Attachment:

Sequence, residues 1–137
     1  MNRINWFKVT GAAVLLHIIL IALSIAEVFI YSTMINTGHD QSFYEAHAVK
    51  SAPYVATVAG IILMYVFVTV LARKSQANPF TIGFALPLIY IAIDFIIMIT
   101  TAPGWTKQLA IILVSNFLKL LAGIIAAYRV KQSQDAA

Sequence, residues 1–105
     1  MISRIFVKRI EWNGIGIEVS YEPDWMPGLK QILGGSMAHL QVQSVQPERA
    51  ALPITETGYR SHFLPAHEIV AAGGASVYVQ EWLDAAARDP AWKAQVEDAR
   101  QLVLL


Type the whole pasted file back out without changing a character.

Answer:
Sequence, residues 1–137
     1  MNRINWFKVT GAAVLLHIIL IALSIAEVFI YSTMINTGHD QSFYEAHAVK
    51  SAPYVATVAG IILMYVFVTV LARKSQANPF TIGFALPLIY IAIDFIIMIT
   101  TAPGWTKQLA IILVSNFLKL LAGIIAAYRV KQSQDAA

Sequence, residues 1–105
     1  MISRIFVKRI EWNGIGIEVS YEPDWMPGLK QILGGSMAHL QVQSVQPERA
    51  ALPITETGYR SHFLPAHEIV AAGGASVYVQ EWLDAAARDP AWKAQVEDAR
   101  QLVLL